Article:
Tort Reform is Needed to Refill the Nation’s Medicine Chest

AFTER EIGHT DECADES IN NEW JERSEY, drugmaker Hoffmann-La Roche recently announced plans to move its headquarters, transferring many high-paying jobs to another state. This is more evidence of a shrinking pharmaceutical industry in the Garden State—once known as“the nation’s medicine chest.”One reason for the exodus is the state’s poor tort liability system.

The recently released U.S. Tort Liability Index: 2008 Report finds that New Jersey’s tort costs for awards, attorney fees, and administrative expenses were $8 billion in 2006, the most recent year for which complete data are available.This gives New Jersey the sixth-highest direct tort costs in the nation.

After controlling for the level of economic activity, New Jersey’s ranking gets worse: it has the second-worst relative tort costs.The state has disproportionately high costs compared to other states of comparable size, especially in the areas of auto, commercial,medical malpractice and product liability.

Companies in New Jersey also face high tort-litigation risks due to a relatively large number of personal injury lawyers filing myriad lawsuits in the state.Things have gotten so bad that New Jersey is now designated a “judicial hellhole” by the American Tort Reform Association. The state’s poor tort climate is causing businesses and jobs to go elsewhere.

According to McKinsey & Co., tort risks are second only to the availability of qualified workers in significance for a company when deciding where to expand operations. In 1990, New Jersey had 20 percent of the nation’s pharmaceutical jobs—the heaviest concentration in the country.Today, it has only 13.7 percent. But there are a lot of tort-reform options that would turn this bad situation around.

According to the Tort Index, New Jersey has weak or no reforms in appeal-bond caps, non-economic-damage caps, class actions, and attorney contingency-fee limits. To that add weakness in attorney-retention sunshine, jury service, asbestos and silica liability, construction liability, junk food and obesity liability, venue rules, and the standard for scientific review of evidence by expert witnesses.

These areas are precisely those that generate disproportionately large-dollar awards and drive up the state’s tort costs.Unfortunately, the New Jersey state legislature has decided not to enact common sense, meaningful tort reform in these areas. Everyone suffers as a result. Every year, excessive tort lawsuits cost each person about $2,000 and increase personal healthcare expenditures roughly eight percent, adding 3.4 millionAmericans to the rolls of the uninsured.We all pay higher prices and higher insurance premiums as a result.Tort reform,in contrast, pays off for everyone.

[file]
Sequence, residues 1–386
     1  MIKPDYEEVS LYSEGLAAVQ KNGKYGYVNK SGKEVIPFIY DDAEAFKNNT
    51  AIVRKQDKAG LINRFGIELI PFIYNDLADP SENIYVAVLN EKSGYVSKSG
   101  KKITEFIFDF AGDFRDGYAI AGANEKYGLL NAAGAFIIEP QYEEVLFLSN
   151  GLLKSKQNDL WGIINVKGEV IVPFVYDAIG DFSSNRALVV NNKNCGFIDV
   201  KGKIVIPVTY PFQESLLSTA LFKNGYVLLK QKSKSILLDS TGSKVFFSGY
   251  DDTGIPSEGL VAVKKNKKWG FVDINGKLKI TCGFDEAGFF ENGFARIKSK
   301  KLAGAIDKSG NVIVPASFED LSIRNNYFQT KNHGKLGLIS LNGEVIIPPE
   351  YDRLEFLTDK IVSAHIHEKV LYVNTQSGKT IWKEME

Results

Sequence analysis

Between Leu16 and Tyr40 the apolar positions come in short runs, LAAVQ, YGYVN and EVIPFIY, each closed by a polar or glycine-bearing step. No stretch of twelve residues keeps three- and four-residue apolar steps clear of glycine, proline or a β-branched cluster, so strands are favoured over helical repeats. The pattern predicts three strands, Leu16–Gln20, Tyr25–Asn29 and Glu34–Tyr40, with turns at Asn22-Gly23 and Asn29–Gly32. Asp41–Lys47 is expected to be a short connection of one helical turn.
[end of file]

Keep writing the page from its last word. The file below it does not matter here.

A University of California-Berkeley economist examined six common tort reforms adopted by states from 1970 through 1997 and found that an additional reform increased employment in manufacturing 1.5 percent, construction 1.4 percent, and 1 percent overall. This translates into 41,000 new jobs for New Jersey if one tort reform were adopted.

The top 10 tort states have a gross state product growth rate that is 25 percent greater than the bottom 10 tort states.Top tort states have higher earnings growth, too, and job growth 57 percent greater than the bottom tort states.New Jersey’s economic growth rate is half the national average.

A good tort system makes a state’s economy more robust and resilient to economic downturns and job losses. If New Jersey lawmakers are serious about attracting and retaining well-paying jobs and innovative businesses, they cannot afford to overlook the state’s massive tort burden. Meaningful tort reform would help restore the state’s long-term economic competitiveness and even refill the nation’s medicine chest.

Lawrence J. McQuillan, Ph.D. (LMcQuillan@pacific research.org) is director of business and economic studies at the Pacific Research Institute in San Francisco. He is coauthor of the institute’s U.S. Tort Liability Index: 2008 Report.

Nothing contained in this blog is to be construed as necessarily reflecting the views of the Pacific Research Institute or as an attempt to thwart or aid the passage of any legislation.

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